shamefully whipped. Lawsuits ensued,
feuds followed, aud the entire peace
and good repute of Frogtown annihila
ted all by a rcmardable dog fight.
Eeruty.
There is a potent aud subtile in
fluence in mere physical beauty v. hidi
philosophers have puzzled themselves
in vain to account for Why is it that
greater homage h always paid in socie
ty to the posesor cf a haudsonie face
than to ladies of far greater culture,
wealth or refinement, who are posses
sed of features of'but ordinary mould?
Why will cien listen with more pica-
sure and attention to common-place
aud empty gossip from beautiful lips
than to the nuest fcuse and wit from
plain en s ?
Feminine beauty has played a great
part in the history ef the world.
From the handsome dames of antiqui
ty who intoxicated the souls of great
men like Darid, Pericles, Crosar and
Mark Anthony, to the wonderful in
fluences of many medtra beauties in- j
politics and state-cral't, there has been,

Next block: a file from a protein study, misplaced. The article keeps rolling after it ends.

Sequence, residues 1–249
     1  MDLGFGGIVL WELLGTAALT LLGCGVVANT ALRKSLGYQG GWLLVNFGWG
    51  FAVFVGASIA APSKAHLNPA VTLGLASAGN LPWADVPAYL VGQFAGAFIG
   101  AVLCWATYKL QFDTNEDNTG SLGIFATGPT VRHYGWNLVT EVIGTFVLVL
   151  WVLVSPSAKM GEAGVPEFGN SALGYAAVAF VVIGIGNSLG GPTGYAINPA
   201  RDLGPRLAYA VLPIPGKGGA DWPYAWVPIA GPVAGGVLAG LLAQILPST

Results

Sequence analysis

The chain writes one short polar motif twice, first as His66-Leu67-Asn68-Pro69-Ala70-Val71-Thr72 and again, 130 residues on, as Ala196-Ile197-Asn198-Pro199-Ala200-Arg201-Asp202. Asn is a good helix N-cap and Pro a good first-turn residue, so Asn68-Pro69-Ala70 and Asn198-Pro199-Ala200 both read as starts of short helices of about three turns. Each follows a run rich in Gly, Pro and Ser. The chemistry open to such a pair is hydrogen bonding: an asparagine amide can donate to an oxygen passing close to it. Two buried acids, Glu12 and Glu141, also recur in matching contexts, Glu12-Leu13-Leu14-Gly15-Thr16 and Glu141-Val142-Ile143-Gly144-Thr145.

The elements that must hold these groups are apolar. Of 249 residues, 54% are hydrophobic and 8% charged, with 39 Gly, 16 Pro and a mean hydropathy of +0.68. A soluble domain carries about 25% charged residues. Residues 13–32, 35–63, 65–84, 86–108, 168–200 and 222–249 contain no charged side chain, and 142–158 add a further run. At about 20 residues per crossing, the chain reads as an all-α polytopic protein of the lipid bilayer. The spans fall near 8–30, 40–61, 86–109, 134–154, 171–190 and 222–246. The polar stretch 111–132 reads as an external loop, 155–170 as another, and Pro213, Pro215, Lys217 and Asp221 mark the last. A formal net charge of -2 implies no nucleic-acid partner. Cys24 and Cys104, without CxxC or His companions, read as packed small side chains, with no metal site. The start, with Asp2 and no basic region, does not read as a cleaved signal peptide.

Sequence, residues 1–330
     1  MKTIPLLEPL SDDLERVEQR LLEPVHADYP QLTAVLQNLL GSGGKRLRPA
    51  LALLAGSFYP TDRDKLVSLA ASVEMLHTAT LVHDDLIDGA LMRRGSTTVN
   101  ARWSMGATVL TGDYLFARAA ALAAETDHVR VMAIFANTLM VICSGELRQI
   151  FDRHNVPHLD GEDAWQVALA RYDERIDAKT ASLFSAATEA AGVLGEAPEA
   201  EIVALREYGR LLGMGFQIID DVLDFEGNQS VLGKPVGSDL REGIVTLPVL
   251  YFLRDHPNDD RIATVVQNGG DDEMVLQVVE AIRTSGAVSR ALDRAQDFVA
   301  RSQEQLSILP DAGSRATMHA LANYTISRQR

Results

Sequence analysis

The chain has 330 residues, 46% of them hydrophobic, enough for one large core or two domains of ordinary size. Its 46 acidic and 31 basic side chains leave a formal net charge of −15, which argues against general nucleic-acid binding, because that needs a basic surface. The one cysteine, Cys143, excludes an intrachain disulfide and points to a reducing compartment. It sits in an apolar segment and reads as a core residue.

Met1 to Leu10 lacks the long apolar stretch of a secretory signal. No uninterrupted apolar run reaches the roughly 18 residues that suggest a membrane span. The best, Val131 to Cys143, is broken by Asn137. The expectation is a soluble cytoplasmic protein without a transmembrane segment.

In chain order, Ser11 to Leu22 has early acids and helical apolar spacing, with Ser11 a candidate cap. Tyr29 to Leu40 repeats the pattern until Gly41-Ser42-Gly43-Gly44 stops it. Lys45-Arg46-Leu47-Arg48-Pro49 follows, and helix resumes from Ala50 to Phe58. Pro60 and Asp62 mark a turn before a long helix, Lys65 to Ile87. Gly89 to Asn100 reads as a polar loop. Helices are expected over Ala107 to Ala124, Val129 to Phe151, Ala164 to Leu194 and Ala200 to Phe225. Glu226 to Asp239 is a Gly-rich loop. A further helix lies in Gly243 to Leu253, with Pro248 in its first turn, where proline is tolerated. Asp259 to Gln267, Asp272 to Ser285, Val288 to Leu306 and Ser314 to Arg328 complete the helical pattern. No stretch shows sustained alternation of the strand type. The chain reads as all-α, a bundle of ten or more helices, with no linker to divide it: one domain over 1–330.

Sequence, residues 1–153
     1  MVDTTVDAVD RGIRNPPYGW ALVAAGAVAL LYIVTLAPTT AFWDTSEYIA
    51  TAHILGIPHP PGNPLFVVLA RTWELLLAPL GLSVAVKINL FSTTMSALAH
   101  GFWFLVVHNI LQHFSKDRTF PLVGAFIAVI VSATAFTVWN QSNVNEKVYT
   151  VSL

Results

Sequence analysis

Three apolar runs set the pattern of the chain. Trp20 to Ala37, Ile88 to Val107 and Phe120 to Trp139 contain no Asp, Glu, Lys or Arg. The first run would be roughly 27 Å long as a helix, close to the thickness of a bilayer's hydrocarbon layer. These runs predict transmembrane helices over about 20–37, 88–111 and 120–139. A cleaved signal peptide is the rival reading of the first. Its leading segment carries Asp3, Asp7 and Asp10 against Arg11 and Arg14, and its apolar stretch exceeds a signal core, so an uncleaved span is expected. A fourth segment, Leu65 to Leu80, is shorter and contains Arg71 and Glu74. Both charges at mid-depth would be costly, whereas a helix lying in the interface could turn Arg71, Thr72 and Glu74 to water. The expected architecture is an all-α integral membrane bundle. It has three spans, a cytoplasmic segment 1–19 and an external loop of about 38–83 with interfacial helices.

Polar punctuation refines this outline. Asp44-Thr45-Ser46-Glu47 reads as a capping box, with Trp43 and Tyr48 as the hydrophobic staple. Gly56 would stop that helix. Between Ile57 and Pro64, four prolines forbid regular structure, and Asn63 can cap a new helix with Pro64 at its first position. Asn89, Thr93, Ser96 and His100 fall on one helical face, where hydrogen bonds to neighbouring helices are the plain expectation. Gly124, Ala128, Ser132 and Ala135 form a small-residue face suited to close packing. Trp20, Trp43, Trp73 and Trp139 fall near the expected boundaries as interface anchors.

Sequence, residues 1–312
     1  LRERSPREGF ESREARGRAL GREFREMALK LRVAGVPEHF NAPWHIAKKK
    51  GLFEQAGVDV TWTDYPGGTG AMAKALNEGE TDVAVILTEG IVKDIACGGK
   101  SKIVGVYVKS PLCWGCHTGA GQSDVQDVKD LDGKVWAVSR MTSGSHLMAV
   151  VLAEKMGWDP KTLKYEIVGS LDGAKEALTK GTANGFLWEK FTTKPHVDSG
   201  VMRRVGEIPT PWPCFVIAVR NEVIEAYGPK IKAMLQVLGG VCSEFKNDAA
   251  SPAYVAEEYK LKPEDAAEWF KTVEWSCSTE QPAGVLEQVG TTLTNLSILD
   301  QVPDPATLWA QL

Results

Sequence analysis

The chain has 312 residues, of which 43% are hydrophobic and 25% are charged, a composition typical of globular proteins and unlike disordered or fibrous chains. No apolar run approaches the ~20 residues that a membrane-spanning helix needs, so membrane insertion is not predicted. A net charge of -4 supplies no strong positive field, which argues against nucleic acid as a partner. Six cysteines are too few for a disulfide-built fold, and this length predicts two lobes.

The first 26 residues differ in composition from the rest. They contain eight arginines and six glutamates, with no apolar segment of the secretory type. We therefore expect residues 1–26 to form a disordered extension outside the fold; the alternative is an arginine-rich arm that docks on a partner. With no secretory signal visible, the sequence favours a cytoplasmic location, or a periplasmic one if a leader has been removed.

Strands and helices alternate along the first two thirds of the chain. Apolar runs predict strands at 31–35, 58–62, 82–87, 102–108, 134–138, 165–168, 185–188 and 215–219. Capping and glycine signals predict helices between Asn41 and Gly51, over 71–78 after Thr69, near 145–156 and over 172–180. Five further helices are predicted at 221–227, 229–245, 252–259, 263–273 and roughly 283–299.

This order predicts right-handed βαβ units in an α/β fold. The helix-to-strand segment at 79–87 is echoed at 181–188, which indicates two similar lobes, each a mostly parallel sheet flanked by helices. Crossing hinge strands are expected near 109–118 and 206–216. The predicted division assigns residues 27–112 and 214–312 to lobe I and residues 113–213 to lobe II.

for the possessor of beauty, a constant
succession cf triumphs. The history
of ceuturies (or what passes for such)
hangs by the Trojan war, and the
Trojan war hangs by a Quarrel about
a woman. What a sad baggage Gre
cian Helen must have been to have
suffered s much noble blood to be
spilt abut her pretty face! Yet there
is nothisg that men will so quickly
fight fur as the possession or reputa
tion of a woman. Even they who aff
ect to despise and ridicule the vauties
of the world are as sensitive to the
potent charm of beauty as other men.
The devotees of the saintly calling
which the church imposes upon its
ministers are often fouud among the
most vulnerable to tender passion.
One need not read Lewis' story "The
Monk," or Hawthorn's "Searlot Let ter,"
or the coarser delineations of the
weakness of priests in Baceaceio, to
learn that the church yields no anti
dote against the irresistible tempta
tions of beauty. The ltev. Bellamy
Stoker has been seen in almost every
pariah, aud the beautiful Myrtle Haz
ards needs some other guardian angei
than clerical functionaries against the